Monorail spokesperson Paul Bergman explains the agency's swelling payroll as an investment that will pay off in the future: By doing a lot of the initial design work itself, the SMP hopes to save money on its "design-build-operate-maintain" contract, to be awarded in 2004. Doing work now that would otherwise be done by contractors later, Bergman says, could "lower the amount of contingency [wiggle room for unexpected costs] the contractors will place in their bids."
But that explanation doesn't answer another, more significant question: Why are average salaries at the SMP so much higher than those at similar public agencies, like Sound Transit? Of the monorail agency's full-timers, 18 make over $100,000 a year; nearly 50 make $50,000 or more. The salaries range from $29,000 to $172,000 (SMP director Joel Horn's salary); the average salary, at around $75,000, is nearly 20 percent higher than the $63,000 average made by Sound Transit's full-time employees. "We felt the salary ranges were reasonable [compared to] what other transit agencies were doing," Bergman says, noting that salaries are still less than one percent of the project's total estimated cost.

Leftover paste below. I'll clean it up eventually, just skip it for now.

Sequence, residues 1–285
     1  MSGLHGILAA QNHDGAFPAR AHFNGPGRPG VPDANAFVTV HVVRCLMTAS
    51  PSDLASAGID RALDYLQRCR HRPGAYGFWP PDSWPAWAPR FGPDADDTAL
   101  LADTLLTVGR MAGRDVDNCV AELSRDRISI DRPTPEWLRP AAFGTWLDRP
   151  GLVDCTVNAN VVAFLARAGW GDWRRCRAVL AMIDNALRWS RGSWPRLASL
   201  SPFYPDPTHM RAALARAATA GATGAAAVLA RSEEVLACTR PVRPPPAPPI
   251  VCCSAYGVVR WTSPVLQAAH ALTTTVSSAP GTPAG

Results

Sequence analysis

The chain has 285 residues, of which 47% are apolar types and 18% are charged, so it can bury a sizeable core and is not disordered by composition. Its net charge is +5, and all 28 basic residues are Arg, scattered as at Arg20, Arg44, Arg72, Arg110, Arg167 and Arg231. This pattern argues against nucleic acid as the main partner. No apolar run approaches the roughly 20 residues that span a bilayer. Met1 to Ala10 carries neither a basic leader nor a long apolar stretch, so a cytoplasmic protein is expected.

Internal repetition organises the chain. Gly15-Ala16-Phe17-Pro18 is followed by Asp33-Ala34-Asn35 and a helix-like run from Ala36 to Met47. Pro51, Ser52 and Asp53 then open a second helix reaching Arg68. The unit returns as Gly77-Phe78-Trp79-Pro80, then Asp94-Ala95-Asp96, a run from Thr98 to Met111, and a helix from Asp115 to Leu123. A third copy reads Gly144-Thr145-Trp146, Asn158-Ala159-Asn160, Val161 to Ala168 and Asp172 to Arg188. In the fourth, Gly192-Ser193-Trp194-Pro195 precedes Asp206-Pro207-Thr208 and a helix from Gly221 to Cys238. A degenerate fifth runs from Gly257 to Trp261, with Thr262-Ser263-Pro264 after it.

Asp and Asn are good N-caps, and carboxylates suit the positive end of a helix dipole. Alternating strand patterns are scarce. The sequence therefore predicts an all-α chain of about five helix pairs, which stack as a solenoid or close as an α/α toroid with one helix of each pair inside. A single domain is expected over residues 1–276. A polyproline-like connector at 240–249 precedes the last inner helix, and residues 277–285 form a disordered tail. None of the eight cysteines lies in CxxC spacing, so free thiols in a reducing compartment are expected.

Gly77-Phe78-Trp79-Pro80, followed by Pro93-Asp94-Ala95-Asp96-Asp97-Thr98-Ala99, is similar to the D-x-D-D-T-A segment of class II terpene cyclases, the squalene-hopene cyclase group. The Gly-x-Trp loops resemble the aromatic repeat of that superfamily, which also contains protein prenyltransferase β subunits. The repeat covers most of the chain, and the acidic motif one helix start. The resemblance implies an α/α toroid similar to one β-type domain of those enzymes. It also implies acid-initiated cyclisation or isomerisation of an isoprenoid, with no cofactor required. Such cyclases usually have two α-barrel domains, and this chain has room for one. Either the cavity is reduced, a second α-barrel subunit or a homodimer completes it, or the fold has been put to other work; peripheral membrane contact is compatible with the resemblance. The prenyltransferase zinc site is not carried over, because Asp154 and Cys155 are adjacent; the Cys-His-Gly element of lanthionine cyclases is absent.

In addition to its own 69 employees, the SMP also funds 10 positions at the city, at a total cost through 2004 of $3 million. Ethan Melone, the city's monorail program manager, says the city and the SMP will sign another $3 million agreement at the end of October, to fund another 10 positions through 2004.